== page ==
Common logical fallacies and how to counter them.
This takes the form of substituting isolated examples, from one’s own experience, for logical evidence. Relying heavily on anecdotes overlooks the fact that one isolated example isn’t definitive proof. Example:
Albert: Women shouldn’t have to change their behavior to avoid being raped. Rapists have to change their behavior.
Gloria: So many sexual assault allegations are made up.
Albert: The data doesn’t support that.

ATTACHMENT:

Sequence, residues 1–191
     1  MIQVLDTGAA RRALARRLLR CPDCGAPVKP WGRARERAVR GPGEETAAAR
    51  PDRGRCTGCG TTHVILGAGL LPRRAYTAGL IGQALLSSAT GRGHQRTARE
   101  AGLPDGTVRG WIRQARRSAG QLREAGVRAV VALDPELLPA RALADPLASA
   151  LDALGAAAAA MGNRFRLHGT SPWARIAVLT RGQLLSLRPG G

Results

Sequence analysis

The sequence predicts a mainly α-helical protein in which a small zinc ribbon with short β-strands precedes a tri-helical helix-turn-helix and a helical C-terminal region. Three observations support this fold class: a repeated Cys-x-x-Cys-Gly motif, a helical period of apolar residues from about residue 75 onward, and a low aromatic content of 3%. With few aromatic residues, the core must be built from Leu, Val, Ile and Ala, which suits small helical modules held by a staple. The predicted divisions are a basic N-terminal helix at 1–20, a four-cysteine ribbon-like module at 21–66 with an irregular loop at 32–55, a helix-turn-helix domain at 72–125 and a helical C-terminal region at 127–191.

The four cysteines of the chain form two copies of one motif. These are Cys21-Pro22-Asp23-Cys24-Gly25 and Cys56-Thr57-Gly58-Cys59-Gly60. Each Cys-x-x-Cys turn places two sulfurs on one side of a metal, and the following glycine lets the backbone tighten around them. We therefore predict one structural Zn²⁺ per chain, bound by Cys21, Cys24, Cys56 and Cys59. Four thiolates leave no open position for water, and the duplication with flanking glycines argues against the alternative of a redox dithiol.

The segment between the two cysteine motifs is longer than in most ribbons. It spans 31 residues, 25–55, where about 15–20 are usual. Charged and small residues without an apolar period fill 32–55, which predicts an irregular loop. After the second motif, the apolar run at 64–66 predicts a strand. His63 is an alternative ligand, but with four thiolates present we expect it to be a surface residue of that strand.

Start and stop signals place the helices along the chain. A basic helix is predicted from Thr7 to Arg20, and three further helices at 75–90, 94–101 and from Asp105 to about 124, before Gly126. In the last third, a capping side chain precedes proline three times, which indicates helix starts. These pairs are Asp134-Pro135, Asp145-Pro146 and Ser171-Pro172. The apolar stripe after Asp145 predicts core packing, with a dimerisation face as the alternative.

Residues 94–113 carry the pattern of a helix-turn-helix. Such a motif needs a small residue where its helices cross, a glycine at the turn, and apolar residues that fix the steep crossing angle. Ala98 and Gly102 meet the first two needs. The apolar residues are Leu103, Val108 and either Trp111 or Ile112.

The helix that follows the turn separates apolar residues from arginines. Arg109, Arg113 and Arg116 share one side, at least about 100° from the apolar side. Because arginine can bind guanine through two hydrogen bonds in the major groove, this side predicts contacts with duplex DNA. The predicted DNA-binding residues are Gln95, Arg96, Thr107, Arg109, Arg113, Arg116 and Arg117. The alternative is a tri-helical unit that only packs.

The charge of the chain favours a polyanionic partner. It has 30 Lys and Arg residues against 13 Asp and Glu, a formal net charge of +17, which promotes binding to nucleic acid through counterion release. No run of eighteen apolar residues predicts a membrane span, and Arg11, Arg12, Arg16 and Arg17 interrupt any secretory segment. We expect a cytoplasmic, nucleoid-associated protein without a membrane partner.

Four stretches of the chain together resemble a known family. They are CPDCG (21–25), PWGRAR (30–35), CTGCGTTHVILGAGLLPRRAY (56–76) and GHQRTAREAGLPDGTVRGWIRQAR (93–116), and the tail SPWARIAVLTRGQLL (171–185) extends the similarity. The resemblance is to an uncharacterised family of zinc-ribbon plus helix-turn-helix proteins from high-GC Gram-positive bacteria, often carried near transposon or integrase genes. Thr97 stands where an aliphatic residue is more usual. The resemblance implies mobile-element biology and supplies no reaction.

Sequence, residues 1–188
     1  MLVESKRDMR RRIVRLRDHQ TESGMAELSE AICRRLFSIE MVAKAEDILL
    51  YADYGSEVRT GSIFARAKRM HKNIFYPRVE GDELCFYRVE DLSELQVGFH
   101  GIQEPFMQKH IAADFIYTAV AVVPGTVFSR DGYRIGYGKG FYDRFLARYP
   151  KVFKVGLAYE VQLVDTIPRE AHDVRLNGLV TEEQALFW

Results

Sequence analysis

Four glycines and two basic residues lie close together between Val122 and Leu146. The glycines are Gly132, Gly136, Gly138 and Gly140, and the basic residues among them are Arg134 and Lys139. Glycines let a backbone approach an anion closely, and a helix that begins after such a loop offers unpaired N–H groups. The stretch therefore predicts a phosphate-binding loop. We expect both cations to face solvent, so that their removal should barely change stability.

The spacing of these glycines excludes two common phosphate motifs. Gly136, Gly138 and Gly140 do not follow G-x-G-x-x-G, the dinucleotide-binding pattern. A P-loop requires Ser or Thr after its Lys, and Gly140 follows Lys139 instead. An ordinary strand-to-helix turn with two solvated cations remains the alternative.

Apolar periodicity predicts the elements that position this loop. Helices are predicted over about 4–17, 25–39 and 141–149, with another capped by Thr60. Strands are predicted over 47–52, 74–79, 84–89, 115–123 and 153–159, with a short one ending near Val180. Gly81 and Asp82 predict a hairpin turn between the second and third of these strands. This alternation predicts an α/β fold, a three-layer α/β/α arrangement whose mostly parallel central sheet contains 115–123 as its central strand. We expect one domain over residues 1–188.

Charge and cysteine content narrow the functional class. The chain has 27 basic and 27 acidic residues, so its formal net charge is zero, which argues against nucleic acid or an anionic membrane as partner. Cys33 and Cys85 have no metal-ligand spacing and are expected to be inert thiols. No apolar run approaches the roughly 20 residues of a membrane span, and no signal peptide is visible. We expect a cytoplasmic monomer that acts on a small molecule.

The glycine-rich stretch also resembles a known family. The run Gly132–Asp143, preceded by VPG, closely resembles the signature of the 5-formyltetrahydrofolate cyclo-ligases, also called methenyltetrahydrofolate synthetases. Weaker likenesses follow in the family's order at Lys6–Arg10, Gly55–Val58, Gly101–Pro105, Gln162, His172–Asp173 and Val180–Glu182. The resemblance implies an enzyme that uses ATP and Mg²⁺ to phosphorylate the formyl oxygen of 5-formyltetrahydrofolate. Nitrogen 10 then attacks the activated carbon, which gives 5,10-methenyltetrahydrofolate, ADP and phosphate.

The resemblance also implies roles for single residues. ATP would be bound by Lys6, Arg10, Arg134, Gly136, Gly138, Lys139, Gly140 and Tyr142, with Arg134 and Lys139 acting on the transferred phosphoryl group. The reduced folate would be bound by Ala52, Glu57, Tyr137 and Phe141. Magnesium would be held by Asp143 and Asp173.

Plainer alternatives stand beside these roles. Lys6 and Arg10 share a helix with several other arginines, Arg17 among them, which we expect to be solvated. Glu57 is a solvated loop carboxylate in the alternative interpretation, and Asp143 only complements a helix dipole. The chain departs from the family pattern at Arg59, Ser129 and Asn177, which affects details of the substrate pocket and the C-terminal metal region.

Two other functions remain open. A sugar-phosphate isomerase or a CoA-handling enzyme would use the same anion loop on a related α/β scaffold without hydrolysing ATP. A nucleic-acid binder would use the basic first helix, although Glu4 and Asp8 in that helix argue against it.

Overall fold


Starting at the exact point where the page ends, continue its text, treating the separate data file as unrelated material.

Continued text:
Gloria: Are you saying it doesn’t happen? My former sister-in-law falsely accused my brother of sexual assault, to get the court to take away his visitation rights.
The Anecdotal Evidence fallacy. Let’s say Gloria’s anecdote is true. It still doesn’t support her argument that “many” accusations are made up.
Albert: I’m sorry that happened to him, but the number of false allegations is statistically small.
Gloria: I just told you it happens all the time. So many men’s lives ruined by vindictive ex-partners!
How would you reply to Gloria?